After our night in Zitacuáro seeing monarch butterflies, Ced and I headed farther west towards Puerto Vallarta.
We took our time to get used to the sunny days and visit some of the cities along our path. Between Mexico City and Guadalajara, the landscapes were quite stark and defined by some great rolling hills. Compared to our recent trip to Morocco, we didn’t find the countryside to be too remarkable or awe-inspiring. However, I also couldn’t complain because I was able to wander around without a jacket.
Our first destination after Zitacuáro was Morelia – a (relatively) smaller city with great colonial Spanish architecture. This was the first city out of many where Ced and I were able to see the Spanish influence in Mexico. Walking along the cobble stone streets made me feel as though I were transported to somewhere in southern Europe; it wasn’t what I was anticipating for Mexico.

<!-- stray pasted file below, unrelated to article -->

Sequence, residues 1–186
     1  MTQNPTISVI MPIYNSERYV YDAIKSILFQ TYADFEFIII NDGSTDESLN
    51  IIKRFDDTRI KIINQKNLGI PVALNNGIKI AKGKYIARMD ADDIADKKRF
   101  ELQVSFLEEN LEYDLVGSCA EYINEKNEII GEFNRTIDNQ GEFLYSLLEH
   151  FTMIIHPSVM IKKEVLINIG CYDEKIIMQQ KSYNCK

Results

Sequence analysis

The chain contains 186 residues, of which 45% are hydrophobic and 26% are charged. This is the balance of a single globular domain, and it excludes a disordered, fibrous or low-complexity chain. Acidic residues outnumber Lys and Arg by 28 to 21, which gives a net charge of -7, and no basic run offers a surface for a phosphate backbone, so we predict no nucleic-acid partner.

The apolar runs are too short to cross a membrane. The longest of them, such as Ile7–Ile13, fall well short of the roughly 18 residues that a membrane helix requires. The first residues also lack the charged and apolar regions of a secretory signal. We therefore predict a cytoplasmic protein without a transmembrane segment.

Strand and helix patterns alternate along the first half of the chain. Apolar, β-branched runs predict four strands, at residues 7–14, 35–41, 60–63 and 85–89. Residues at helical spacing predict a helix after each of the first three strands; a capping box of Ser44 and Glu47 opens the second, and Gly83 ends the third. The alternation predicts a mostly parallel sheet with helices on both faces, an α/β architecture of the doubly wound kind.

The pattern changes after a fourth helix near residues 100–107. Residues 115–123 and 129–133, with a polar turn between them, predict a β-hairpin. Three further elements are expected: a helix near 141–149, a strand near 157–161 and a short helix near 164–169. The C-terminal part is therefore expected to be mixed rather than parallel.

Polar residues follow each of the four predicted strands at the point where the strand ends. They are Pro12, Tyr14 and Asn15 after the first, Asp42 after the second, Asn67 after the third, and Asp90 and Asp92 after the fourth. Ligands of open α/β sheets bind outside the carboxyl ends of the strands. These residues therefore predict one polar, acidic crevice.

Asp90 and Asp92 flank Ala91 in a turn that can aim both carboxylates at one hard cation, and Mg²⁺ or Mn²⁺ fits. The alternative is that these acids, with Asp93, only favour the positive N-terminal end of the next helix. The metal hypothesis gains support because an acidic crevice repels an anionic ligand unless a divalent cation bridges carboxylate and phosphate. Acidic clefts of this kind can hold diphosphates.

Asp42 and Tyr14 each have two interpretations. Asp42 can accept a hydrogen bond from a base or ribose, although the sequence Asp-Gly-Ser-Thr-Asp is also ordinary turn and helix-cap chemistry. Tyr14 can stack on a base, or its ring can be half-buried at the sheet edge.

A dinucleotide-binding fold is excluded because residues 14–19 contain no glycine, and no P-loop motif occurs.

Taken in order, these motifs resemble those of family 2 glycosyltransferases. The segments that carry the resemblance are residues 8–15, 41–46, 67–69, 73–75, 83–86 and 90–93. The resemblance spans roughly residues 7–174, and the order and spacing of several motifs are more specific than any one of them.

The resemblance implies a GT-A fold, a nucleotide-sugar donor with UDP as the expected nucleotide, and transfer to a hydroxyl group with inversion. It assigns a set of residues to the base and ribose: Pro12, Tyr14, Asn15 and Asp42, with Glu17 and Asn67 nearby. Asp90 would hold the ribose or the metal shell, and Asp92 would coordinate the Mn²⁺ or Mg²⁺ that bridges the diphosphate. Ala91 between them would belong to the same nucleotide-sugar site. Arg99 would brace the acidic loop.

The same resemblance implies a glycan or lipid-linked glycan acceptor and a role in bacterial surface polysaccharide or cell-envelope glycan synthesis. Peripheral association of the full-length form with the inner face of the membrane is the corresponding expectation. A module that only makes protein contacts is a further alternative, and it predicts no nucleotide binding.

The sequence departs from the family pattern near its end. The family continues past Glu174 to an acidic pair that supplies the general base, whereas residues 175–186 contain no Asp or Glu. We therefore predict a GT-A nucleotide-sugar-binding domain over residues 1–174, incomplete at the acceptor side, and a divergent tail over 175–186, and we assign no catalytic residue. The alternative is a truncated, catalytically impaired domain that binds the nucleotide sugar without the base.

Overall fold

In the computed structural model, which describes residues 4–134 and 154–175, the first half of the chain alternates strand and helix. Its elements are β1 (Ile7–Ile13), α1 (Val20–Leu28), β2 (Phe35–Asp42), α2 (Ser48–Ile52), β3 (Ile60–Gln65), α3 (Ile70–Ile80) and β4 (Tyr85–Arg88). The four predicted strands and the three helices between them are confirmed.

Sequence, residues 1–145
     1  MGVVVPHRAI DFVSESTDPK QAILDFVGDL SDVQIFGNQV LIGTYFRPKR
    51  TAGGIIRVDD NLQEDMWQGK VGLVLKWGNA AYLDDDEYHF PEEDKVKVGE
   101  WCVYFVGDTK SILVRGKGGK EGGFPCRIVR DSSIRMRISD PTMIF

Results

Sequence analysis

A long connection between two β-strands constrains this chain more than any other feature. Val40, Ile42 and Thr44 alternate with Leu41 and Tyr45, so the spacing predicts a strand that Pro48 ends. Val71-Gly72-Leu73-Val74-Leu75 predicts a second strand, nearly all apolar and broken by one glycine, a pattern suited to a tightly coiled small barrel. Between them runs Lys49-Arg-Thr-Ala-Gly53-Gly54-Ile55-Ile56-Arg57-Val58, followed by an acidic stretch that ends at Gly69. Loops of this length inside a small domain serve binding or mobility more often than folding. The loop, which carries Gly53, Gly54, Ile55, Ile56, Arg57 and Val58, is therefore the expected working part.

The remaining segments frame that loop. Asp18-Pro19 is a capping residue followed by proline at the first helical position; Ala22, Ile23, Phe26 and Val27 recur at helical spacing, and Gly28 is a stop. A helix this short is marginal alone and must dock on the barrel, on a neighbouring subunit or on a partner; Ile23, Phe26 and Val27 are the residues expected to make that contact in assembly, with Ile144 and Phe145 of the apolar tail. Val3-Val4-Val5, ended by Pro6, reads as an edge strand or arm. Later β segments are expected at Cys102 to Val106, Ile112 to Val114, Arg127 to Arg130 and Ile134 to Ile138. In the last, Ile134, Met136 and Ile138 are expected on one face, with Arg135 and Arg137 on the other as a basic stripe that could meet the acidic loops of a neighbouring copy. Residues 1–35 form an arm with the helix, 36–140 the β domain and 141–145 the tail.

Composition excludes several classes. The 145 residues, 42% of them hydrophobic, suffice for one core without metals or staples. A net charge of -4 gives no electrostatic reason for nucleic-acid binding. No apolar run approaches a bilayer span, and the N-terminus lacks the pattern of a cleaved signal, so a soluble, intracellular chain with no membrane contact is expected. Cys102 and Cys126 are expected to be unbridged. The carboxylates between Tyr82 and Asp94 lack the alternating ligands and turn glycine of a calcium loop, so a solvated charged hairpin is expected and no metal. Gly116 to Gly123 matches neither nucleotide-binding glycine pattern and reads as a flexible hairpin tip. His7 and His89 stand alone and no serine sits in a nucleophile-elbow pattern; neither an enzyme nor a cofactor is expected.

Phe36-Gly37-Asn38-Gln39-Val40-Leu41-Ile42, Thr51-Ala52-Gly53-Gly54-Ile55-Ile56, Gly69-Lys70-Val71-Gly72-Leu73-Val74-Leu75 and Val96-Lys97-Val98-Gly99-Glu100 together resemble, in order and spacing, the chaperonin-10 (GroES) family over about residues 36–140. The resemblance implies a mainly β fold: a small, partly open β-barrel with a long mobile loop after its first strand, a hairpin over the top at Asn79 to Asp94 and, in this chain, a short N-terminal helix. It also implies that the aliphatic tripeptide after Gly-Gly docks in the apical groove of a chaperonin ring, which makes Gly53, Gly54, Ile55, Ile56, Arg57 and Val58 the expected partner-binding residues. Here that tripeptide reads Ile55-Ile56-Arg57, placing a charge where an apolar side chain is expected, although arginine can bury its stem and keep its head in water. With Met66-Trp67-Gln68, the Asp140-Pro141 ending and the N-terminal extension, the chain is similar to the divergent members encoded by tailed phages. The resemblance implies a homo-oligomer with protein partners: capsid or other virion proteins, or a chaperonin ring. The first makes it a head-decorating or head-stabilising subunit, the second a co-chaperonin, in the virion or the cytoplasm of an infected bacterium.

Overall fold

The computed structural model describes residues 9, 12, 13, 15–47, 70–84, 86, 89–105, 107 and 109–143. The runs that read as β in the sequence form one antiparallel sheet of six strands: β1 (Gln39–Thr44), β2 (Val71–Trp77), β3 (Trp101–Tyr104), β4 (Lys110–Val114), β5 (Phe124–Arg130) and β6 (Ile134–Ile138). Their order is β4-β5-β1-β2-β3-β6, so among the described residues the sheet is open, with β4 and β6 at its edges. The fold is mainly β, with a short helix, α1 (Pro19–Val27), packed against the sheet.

After a long day of driving and a hiccup in our plans (our AirBnB reservation fell through), Ced and I arrived in Guadalajara. Although Guadalajara also belongs to one of the biggest cities in Mexico, it is nowhere on par with the expanse of Mexico City. Both that night and for a bit the following morning, Ced and I visited some of the historic buildings that still remain in the downtown area.
After Guadalajara and right before driving down the winding roads that lead towards the Pacific coast, we made a quick detour to see Tequila. That’s right, the main city/region where tequila is produced. Even though I’m not the biggest fan of Tequila, it was still very interesting to see how it is produced and distilled from the blue agave plant.
While driving towards Puerto Vallarta, we got to see how the landscapes changed from agave-studded and rocky hillsides to mountains with lush rain forests. One of my favorite parts of driving through Mexico was seeing how my surroundings slowly changed as we added more miles to the car.